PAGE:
So what are the three hardest words in the English language?
Conventional wisdom suggests: ‘‘I love you’’.
That may be so at some stage of our lives, but for now I would like to suggest that the three hardest words are: ‘‘I don’t know’’.
Whether we are a parent, a teacher, a business owner, an ordinary worker or the Prime Minister, we are pressured to think that we should have the answers that those who depend on us look for.
We feel obliged to solve problems and know what is the right thing to do or say when an issue arises.
Fearing we will appear weak, inexperienced or fake, we often just make up the answer, pretending to know rather than admit that we have no idea what the answer or solution is.
This has become a little more pressing for me personally of late as I was approached to take on a side project with the intimidating title of ‘‘subject matter expert’’.
It’s not a title that I would ever choose to apply to myself.
I think I know a little about a lot of subjects, but there are very few things I would claim to be an expert in.
The project is a review of the National Competency Standards for the wine industry, covering viticulture, winemaking and cellar door.
I know a bit about all of these and I know a fair bit about competency standards.
But mostly I know how to ask good questions of those who know more than I do.
The great physicist Richard Feynman once said that you can spot a real expert from a phony by their ability to say ‘‘I don’t know’’.
The phony will have all the answers, while the expert will be willing to admit what they don’t know.
Personally I would like to be known as someone who constantly wants to improve, to get better and to learn.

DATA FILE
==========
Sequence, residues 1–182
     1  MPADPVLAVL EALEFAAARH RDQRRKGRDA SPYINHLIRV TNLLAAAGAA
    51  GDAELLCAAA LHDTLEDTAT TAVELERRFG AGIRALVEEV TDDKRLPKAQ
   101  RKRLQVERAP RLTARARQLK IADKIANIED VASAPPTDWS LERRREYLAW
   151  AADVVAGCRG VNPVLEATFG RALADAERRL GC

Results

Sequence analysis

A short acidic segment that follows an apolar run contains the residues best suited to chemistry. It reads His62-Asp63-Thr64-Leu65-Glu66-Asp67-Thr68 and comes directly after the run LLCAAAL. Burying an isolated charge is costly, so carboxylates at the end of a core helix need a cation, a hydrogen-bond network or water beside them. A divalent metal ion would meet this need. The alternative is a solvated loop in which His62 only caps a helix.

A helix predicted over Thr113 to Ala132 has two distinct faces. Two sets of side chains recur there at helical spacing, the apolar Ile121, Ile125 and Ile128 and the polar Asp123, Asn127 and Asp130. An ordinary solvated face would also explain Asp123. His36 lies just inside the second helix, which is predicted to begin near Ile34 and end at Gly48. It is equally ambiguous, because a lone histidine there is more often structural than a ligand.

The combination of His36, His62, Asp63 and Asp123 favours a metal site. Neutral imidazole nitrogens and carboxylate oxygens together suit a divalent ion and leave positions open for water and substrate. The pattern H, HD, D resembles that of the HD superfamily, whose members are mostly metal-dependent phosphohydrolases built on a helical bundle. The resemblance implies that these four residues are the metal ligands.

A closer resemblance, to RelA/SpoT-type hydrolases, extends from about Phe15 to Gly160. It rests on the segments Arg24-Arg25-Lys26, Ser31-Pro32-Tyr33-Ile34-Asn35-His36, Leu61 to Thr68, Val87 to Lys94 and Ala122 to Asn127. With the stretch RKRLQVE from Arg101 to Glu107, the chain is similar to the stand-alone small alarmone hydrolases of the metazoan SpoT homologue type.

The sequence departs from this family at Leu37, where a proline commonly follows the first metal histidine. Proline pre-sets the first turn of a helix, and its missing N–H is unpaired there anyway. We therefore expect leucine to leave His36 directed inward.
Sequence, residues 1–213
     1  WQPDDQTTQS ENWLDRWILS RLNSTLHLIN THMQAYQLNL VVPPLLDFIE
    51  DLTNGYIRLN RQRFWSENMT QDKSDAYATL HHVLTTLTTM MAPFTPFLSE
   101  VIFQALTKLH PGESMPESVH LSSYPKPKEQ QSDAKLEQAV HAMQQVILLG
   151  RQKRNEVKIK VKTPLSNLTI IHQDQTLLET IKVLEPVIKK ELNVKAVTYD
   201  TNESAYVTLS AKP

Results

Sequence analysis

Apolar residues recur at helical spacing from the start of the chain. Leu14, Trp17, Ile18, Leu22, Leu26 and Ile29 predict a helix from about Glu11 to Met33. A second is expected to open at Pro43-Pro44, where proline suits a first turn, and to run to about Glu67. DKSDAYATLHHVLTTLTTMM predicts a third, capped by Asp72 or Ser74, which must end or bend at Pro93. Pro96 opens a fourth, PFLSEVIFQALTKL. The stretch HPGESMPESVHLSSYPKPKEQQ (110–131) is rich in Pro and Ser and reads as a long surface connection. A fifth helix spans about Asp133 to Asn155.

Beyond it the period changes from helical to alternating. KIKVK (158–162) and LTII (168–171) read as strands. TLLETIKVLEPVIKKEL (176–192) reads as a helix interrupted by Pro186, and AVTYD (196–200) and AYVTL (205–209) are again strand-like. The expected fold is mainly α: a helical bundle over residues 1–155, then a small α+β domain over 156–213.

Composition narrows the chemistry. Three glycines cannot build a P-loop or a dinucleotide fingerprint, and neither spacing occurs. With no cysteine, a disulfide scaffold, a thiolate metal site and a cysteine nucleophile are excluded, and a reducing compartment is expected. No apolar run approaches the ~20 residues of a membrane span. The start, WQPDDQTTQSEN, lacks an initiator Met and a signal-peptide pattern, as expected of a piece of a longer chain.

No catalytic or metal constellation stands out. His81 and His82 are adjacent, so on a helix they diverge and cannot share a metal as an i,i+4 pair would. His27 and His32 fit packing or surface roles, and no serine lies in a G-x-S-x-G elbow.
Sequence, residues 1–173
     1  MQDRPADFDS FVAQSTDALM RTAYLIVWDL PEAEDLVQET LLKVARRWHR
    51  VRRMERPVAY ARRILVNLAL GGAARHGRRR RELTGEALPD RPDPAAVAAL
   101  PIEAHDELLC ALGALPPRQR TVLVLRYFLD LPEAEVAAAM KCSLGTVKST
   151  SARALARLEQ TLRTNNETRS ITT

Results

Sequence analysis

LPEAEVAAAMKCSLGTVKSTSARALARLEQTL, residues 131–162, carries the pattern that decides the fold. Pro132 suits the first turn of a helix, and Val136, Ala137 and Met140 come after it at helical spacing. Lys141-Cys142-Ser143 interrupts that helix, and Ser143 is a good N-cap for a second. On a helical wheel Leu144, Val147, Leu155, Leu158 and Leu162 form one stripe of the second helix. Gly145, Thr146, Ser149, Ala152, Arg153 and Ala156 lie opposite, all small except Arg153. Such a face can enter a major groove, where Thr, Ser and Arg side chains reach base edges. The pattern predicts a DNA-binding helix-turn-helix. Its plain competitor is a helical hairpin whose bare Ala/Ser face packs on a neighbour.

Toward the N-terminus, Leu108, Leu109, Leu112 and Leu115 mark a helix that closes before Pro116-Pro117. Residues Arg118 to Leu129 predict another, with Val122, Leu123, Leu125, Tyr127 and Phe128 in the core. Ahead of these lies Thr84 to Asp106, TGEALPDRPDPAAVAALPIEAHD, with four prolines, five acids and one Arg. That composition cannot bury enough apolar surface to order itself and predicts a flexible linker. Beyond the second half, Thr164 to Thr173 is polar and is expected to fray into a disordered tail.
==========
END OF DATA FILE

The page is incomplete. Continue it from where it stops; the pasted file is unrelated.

Outside of our professional life, our inability to say, ‘‘I don’t know’’, more often can have huge consequences.
The world of work is comparatively simple compared to our relationships, our quest for meaning, purpose and faith. For the most important things in life there are no definitive answers.
How many young parents have felt like running to the hills at the gratuitous advice from well-meaning grandparents, friends and strangers about how to raise their children?
How many people in struggling relationships have had guilt loaded upon their backs by advice from friends, family and agony-aunts about how to repair broken trust and failing love?
How many people with a chronic illness have been left feeling alone and distraught after being told that their condition can be solved simply by the use of this herb, this potion or simply by thinking differently?
There is nothing worse than some ‘know-it-all’ giving me simplistic answers about complex and sometimes unknowable problems.
As a minister, people assume that I have some expertise in matters of God, but in fact I merely have enough expertise to admit that I don’t have all the answers.
I’ve heard too many middle-aged clergy, dressed for the part, say things in a firm and confident tone, which have no basis in scripture or experience. I refuse to be one of them.
What I believe is that God is with us in all of the complexity, beauty and madness of life.
In Jesus’ life and death, God was not above being caught up in the evil of the world.
I don’t know the how and why of every bad thing that happens, but I believe love is greater than evil, that nothing is beyond redemption and nothing can cut us off from God’s love.
This is the gospel, and it’s good news.
— Brian Spencer, Minister, Tatura Uniting Church